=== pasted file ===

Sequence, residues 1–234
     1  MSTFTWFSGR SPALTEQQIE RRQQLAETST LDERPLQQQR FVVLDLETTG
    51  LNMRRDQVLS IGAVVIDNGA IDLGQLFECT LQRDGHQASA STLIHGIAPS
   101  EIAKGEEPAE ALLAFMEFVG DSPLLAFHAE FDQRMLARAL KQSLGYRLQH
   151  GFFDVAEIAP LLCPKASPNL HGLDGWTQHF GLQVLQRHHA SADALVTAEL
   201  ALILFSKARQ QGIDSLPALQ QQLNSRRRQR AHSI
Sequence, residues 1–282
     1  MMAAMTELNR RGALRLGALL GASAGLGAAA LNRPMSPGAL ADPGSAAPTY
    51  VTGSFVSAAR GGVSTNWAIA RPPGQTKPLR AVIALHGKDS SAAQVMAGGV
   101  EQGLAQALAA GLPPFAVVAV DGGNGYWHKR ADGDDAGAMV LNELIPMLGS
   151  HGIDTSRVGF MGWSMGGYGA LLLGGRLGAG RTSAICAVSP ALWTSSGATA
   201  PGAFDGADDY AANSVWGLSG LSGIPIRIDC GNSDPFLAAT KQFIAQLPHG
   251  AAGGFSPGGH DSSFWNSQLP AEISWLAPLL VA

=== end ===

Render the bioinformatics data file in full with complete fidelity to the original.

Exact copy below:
Sequence, residues 1–234
     1  MSTFTWFSGR SPALTEQQIE RRQQLAETST LDERPLQQQR FVVLDLETTG
    51  LNMRRDQVLS IGAVVIDNGA IDLGQLFECT LQRDGHQASA STLIHGIAPS
   101  EIAKGEEPAE ALLAFMEFVG DSPLLAFHAE FDQRMLARAL KQSLGYRLQH
   151  GFFDVAEIAP LLCPKASPNL HGLDGWTQHF GLQVLQRHHA SADALVTAEL
   201  ALILFSKARQ QGIDSLPALQ QQLNSRRRQR AHSI
Sequence, residues 1–282
     1  MMAAMTELNR RGALRLGALL GASAGLGAAA LNRPMSPGAL ADPGSAAPTY
    51  VTGSFVSAAR GGVSTNWAIA RPPGQTKPLR AVIALHGKDS SAAQVMAGGV
   101  EQGLAQALAA GLPPFAVVAV DGGNGYWHKR ADGDDAGAMV LNELIPMLGS
   151  HGIDTSRVGF MGWSMGGYGA LLLGGRLGAG RTSAICAVSP ALWTSSGATA
   201  PGAFDGADDY AANSVWGLSG LSGIPIRIDC GNSDPFLAAT KQFIAQLPHG
   251  AAGGFSPGGH DSSFWNSQLP AEISWLAPLL VA